“You Can Do It. You Can Do Anything. You’re The World’s Greatest Grandma…”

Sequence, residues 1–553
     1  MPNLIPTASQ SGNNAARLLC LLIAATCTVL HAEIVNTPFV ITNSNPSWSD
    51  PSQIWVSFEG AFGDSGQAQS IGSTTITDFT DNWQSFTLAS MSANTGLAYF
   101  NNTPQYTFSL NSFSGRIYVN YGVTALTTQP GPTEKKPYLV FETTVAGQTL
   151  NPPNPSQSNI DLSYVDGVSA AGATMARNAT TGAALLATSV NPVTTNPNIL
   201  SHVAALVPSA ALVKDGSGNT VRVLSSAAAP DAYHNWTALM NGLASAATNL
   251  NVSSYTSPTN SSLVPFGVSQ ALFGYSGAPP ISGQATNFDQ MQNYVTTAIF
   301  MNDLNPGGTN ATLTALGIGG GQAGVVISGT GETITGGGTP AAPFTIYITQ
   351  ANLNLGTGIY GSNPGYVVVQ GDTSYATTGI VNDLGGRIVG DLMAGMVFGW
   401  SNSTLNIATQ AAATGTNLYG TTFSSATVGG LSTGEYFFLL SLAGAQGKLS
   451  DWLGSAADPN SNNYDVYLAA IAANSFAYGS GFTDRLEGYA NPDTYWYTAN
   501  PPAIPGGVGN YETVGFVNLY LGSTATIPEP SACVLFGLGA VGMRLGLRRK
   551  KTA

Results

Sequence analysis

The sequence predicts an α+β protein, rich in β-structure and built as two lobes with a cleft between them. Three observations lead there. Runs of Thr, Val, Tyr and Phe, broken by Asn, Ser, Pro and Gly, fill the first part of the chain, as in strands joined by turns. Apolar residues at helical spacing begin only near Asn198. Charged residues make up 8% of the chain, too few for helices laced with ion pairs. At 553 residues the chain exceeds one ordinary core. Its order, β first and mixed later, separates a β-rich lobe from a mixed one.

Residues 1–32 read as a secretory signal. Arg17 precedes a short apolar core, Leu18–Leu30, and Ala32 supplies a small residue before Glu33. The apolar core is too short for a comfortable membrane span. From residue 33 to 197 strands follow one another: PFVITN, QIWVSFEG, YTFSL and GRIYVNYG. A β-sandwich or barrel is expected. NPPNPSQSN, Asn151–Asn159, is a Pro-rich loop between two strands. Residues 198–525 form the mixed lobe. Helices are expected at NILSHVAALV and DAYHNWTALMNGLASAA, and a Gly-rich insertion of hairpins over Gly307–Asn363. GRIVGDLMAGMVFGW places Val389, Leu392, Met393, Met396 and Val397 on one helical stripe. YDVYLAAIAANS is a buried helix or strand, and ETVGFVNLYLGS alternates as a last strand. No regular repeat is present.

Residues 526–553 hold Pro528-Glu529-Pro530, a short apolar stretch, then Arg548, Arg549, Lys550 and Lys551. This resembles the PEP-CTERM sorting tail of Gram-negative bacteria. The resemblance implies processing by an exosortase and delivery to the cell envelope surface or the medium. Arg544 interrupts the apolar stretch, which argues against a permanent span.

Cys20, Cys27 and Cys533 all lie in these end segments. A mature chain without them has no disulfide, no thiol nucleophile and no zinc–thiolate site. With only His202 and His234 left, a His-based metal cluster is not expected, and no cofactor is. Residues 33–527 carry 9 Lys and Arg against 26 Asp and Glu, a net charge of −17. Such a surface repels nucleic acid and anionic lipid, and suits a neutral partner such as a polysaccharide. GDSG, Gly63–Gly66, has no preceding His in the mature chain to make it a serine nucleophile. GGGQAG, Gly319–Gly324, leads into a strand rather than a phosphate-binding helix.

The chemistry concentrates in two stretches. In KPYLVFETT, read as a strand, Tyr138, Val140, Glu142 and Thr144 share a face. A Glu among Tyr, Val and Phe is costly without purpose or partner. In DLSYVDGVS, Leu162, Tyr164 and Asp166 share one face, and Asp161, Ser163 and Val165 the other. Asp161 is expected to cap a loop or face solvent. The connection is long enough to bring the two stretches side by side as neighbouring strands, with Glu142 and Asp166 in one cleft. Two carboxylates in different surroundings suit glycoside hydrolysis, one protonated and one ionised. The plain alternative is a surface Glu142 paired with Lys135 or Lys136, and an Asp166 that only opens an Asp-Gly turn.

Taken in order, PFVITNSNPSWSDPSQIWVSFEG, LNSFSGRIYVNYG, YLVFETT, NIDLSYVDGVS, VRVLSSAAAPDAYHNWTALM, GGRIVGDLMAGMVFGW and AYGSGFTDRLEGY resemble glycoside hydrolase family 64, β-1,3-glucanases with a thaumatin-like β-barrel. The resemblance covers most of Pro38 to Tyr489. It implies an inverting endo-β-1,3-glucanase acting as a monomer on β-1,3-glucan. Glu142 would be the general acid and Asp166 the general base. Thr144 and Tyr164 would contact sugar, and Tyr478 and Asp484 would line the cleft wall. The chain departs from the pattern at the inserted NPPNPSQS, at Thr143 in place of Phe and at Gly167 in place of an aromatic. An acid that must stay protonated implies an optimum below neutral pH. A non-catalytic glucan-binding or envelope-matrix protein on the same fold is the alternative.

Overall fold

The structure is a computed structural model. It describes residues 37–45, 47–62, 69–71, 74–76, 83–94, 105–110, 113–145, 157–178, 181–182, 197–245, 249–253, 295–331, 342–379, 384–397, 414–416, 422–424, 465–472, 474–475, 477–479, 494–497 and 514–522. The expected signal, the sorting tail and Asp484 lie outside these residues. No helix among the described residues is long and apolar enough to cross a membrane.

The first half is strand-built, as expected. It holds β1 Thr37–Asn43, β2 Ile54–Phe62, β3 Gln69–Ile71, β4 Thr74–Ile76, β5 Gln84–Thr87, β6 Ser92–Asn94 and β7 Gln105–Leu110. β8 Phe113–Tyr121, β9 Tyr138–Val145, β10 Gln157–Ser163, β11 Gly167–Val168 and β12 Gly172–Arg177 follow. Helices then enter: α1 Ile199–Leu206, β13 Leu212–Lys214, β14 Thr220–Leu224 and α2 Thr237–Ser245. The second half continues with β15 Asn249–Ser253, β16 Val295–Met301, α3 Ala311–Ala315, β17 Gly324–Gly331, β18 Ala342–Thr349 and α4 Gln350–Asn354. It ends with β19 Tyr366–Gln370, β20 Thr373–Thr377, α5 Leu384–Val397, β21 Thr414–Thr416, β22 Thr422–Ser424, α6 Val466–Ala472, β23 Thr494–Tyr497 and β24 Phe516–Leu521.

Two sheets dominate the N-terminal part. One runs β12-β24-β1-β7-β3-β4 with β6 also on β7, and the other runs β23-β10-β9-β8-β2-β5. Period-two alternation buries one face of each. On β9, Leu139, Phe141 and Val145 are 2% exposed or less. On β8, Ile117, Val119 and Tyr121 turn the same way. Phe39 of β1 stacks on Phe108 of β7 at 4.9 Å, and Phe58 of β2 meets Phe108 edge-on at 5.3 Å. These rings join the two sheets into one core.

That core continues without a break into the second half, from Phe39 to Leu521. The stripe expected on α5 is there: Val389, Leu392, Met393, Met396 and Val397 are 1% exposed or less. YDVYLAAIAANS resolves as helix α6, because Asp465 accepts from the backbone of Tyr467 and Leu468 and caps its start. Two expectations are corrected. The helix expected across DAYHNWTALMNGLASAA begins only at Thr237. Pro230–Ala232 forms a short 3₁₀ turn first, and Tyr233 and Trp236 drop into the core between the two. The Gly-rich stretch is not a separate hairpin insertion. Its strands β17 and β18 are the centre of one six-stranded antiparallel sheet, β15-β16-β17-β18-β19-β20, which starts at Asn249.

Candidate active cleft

Tasked with being the first Marvel release to follow on from the universally accepted awesomeness of Avengers: Infinity War, Peyton Reed’s second instalment of Scott Lang/Ant-Man’s own MCU journey hits cinemas this week, reuniting audiences with a large proportion of characters from 2015’s excellent origin story as it delves deeper into the notion of the quantum realm and the hopeful return of Michelle Pfeiffer’s (mother!) Janet van Dyne, the original embodiment of The Wasp who was lost many years ago in order to save the world from nuclear disaster. With a zippy pace and a childish playfulness which parallels completely with the two preceding Marvel releases within 2018, Ant-Man and the Wasp undoubtedly falls into the MCU category of “great fun but not particularly necessary” alongside previous examples such as Thor: Ragnarok and Spider-Man: Homecoming, and whilst come the closing credits Reed’s movie falls down under the weight of much better entries within the ever-expanding Marvel Universe, the razor-sharp comedy and fundamentally likeable characters at the heart of the drama all succeed in making Ant-Man and the Wasp a thoroughly enjoyable throwaway superhero ride.